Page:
Taipei, A Taipei high school student was recently honored for a project combining Malaysian cuisine and artificial intelligence sponsored by a government program for the children of new immigrants, the National Immigration Agency (NIA) said Sunday.
The “New Immigrant Children Overseas Empowerment Program” provides subsidies to children of new immigrants to travel to their parent’s home country to encourage them to learn more about the country’s culture and language.
The program requires that participants submit a report on their trip after they return, and outstanding submissions are given a certificate and a voucher worth NT$5,000 (US$168).
One of the five awardees this year was Chen Ling (陳翎), a student at Jingmei Girls High School, who learned how to make traditional Malaysian dishes during her trip to Kelantan, the northeastern Malaysian state where Chen’s mother is from, according to the NIA.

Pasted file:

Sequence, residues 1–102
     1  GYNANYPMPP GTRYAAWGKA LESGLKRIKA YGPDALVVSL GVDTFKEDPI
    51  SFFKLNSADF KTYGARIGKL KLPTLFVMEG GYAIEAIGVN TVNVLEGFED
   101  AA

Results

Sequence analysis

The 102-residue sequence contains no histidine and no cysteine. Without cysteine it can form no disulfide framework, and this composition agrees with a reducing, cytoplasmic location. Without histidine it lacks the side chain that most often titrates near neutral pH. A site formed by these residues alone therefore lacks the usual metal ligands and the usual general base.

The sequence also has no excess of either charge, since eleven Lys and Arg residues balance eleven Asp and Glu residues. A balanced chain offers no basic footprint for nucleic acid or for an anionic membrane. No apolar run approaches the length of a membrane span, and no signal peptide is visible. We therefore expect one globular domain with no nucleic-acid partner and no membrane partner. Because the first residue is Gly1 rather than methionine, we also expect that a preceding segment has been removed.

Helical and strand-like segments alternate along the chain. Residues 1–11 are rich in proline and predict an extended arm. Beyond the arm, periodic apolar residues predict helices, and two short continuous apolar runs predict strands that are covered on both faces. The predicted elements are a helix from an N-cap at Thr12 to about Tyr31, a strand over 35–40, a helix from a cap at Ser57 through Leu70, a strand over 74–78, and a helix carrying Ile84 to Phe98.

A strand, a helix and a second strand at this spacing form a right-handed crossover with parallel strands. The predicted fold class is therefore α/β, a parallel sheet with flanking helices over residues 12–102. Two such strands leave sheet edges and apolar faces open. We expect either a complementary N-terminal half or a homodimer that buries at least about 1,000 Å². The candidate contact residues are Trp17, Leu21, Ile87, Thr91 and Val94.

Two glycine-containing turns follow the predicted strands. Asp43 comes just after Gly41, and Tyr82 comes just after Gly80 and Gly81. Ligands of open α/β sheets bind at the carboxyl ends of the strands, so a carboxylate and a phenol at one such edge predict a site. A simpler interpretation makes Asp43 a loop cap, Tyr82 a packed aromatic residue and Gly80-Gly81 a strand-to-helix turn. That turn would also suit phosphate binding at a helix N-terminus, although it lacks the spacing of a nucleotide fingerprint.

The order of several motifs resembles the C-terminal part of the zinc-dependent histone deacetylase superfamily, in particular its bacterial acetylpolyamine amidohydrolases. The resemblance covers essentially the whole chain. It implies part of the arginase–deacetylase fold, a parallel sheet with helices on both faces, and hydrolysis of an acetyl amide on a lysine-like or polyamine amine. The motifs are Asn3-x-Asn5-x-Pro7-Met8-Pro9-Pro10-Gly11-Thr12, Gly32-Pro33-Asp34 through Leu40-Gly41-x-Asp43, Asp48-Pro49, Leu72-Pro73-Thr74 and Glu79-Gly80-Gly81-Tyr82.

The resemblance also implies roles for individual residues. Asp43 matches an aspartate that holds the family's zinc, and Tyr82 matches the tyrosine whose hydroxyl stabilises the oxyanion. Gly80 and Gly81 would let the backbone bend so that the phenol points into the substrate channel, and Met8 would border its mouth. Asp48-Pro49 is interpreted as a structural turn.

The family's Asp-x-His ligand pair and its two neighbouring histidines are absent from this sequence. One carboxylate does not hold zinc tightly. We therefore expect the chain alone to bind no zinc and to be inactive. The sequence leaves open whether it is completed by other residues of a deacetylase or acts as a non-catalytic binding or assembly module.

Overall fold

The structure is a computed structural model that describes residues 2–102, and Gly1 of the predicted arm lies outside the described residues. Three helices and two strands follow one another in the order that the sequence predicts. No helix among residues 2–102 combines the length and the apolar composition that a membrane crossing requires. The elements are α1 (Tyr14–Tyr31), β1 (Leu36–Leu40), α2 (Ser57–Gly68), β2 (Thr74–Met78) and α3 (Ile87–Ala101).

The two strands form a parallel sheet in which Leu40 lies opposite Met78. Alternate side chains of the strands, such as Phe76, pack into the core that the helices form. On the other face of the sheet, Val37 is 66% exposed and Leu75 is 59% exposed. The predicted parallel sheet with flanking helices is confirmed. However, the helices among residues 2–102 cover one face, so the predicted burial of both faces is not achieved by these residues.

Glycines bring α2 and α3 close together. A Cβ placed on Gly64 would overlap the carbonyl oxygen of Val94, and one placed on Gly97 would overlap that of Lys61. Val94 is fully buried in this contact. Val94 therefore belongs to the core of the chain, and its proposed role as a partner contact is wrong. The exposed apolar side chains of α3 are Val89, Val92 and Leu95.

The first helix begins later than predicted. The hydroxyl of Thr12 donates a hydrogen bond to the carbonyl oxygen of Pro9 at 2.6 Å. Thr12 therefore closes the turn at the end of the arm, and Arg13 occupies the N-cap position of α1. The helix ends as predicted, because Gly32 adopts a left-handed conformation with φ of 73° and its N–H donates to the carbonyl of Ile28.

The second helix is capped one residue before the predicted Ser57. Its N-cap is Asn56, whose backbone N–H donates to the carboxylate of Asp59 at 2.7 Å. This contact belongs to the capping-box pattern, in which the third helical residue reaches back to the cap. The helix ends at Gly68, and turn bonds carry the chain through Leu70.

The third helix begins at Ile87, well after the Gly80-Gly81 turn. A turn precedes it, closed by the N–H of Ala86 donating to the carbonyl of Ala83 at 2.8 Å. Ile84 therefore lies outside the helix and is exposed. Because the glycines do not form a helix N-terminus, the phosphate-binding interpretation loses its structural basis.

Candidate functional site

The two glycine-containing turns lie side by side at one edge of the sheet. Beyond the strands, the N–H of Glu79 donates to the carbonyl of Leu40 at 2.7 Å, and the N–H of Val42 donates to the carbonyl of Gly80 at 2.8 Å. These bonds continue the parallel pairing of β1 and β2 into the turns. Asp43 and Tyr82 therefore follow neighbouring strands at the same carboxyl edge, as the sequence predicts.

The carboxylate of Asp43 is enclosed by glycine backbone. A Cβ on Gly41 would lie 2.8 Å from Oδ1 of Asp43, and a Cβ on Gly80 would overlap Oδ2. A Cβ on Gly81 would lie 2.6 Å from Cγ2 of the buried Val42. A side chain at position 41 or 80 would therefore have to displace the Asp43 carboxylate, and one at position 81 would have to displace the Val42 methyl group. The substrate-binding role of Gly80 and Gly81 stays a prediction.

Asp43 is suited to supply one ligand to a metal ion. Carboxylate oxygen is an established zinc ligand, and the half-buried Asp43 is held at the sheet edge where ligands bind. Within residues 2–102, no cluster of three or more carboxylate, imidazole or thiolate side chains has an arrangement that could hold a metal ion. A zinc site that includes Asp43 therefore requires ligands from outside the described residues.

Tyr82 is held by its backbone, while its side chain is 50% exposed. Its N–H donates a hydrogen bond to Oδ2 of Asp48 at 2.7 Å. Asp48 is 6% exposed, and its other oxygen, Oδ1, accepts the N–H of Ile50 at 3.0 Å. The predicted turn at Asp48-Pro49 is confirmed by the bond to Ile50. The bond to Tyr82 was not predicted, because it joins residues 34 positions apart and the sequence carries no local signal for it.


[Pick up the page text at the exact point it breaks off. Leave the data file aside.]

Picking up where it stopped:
During her trip, she also built a database of photographs and videos of similar Malaysian dishes and trained artificial intelligence software to distinguish between them, with a success rate of over 80 percent, the NIA said.
According to the NIA, a total of 36 groups of new immigrant children, their parents and teachers went on trips as part of the program during winter vacation this year, with each group receiving subsidies of up to NT$60,000.
The countries and regions they traveled to included Hong Kong, Indonesia, Vietnam, Myanmar, the United States, Thailand, Belgium, Malaysia, Honduras and China, the NIA said.
Although the program is usually held during both the winter and summer holidays, the summer round was canceled this year due to travel restrictions caused by the COVID-19 pandemic.
New immigrants are broadly defined as foreign nationals who have emigrated to Taiwan within the past 20-30 years, many of whom have married Taiwanese spouses. The vast majority are from Southeast Asia and China.